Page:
Long neglected poet Stephen Jonas created a complex web of self-mythologized identities to escape any form of categorization, and it would be a great irony were his posthumous revival to atomize that endeavor along lines of current identity markers. Queer, possibly African American, he was a key figure in the Boston scene of the ’50s and ’60s before his untimely death in 1970 at the age of forty-nine, and his influence among obscured poets spread far and wide. Jonas was also deeply influenced by Ezra Pound and Charles Olson. Though he remains unknown to official culture, he stood out in his own community. As Joseph Torra writes in the superb introduction to Arcana: A Stephen Jonas Reader, his circle of friends included “poets, artists, musicians, prostitutes, runaways, junkies, and thieves.” Torra continues, “If the children of his junkie friends were hungry, he fed them.” Ever resourceful, he provided his neighbors with communal food, sometimes from dumpsters at the public market, and jerry-rigged their electricity, siphoned from the landlord’s line. As Jonas once put it: “If I’m not home, come in through the window, everybody does.”
Despite having significant champions like the late Gerrit Lansing, John Wieners, Robin Blaser, Jack Spicer, and others, Jonas’s work has long been out of print and this beautifully edited volume, along with a reprint of Exercises for Ear forthcoming from Bootstrap Press, will certainly bring him back into the picture. But how can such a figure be reconstructed? As Lansing wrote in his 1968 preface to Exercises: “The School of Boston, in poetry, middle this century, is an occult school, unknown.”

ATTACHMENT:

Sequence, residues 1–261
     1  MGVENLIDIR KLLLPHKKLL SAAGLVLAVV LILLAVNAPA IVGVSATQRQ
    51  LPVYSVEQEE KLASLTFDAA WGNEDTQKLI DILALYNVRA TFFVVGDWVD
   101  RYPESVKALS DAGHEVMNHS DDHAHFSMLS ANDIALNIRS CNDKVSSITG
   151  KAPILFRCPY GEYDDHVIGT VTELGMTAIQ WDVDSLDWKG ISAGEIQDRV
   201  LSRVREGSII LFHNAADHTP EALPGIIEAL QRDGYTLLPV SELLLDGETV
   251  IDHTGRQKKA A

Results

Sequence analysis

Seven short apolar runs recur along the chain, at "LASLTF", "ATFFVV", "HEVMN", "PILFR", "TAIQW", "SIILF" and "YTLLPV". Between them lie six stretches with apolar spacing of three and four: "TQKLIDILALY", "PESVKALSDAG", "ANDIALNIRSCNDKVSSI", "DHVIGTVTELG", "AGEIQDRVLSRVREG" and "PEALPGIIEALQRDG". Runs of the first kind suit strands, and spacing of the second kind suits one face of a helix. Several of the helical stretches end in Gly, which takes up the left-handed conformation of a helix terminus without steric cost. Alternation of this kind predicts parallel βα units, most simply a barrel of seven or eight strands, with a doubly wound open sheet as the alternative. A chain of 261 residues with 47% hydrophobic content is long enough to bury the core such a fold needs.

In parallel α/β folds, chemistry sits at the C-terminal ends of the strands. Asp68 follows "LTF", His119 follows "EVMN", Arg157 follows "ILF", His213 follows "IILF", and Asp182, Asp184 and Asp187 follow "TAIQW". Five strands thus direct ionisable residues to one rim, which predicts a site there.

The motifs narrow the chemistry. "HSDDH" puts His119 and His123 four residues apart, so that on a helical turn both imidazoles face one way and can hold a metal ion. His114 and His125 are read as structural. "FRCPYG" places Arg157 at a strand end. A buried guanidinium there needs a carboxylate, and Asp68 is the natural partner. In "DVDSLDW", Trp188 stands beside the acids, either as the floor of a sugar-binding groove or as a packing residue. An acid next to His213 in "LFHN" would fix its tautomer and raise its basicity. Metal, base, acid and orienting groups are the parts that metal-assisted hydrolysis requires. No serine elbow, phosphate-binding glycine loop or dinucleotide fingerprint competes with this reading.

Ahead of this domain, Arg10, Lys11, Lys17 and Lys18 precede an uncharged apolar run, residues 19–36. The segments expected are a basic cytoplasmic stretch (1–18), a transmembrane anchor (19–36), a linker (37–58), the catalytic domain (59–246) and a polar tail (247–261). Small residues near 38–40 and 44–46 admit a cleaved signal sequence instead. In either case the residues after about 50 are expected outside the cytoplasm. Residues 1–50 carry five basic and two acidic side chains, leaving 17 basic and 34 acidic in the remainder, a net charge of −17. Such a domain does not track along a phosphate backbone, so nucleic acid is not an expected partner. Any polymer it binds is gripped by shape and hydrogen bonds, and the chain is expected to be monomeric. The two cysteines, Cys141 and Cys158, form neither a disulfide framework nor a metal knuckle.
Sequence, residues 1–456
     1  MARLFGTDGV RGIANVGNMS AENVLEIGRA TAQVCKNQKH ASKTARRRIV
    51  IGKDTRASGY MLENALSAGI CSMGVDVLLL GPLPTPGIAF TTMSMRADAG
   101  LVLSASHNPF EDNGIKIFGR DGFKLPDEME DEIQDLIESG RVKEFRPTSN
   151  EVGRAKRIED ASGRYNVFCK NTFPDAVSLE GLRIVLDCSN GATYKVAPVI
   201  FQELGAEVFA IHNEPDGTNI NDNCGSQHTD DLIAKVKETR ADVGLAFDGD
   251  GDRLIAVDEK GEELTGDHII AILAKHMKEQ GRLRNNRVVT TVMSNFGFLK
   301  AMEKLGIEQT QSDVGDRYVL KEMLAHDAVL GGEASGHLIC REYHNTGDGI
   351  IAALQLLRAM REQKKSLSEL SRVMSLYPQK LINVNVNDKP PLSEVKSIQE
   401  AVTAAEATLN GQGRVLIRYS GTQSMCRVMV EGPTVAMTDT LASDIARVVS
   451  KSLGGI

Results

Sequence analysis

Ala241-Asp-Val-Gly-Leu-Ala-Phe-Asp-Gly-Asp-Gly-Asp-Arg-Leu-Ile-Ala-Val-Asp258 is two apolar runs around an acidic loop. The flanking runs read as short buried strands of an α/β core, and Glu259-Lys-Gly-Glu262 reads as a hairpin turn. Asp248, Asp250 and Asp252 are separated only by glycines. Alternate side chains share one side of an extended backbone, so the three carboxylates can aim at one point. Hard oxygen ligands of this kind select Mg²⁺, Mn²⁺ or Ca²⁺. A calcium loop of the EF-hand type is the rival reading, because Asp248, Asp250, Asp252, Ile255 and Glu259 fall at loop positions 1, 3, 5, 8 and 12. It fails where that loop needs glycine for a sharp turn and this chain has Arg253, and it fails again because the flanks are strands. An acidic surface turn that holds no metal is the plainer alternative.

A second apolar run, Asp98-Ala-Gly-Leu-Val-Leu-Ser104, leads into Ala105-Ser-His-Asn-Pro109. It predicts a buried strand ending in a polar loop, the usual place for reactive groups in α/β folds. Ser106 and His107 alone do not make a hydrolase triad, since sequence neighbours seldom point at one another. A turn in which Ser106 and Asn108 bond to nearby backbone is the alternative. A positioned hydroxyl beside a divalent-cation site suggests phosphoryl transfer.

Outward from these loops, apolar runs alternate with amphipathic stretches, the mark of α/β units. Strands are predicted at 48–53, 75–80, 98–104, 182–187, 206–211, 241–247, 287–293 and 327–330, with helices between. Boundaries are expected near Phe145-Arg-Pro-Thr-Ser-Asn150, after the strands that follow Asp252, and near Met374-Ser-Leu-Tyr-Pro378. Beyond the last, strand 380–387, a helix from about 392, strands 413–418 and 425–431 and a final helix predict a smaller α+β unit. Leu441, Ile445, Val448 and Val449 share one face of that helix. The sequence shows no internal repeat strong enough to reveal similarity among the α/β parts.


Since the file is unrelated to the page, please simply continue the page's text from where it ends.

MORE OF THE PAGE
Possessing an infallible ear (“I have come to / chew up yr language / to make more palatable / the L’s & collaterals / (at the service / entrance”) and harboring no illusions (“this is one Hell you won’t / legislate easily / yr way out of”), Jonas was largely self-taught. By 1948, he had immersed himself in both Pound and Williams and become, according to poet Joe Dunn, “a fountain of books and information.” Arcana provides a sense of this with transcriptions and reproductions from two notebooks, one on alchemy and the other on the tarot, both subjects Jonas was steeped in. Much unpublished work remains, including extensive writings to Jack Spicer, composed while Jonas was serving a prison term for forty-seven counts of mail fraud. At trial, “he chose to defend himself, and he reportedly told the judge that in a country of grand larceny, petty larceny was no crime,” Torra writes.
In Jonas’s own words, “it’s easier to explain whereto and fores of alchemy than tackle the Jonas mystery.” Yet the editors of this generous volume have tackled the mystery head on. In a tour de force postscript, scholar David Rich, originally trained as an archaeologist, attempts an excavation. Upon concluding that Jonas may have actually been “Edward Jones, an African American ward of the state,” Rich also writes: “Stephen Jonas evaded society’s definitions throughout his life, sly and mercurial to the last. Whether he made the long trek north from Georgia to New Jersey as part of the Great Migration, or was ripped from his Catholic Cabo Verdean or Puerto Rican culture, placed with Protestant whites, whether he was a practicing Quaker or Christian Scientist, whether he was Jones or Jonas or Santos, he was a poet.”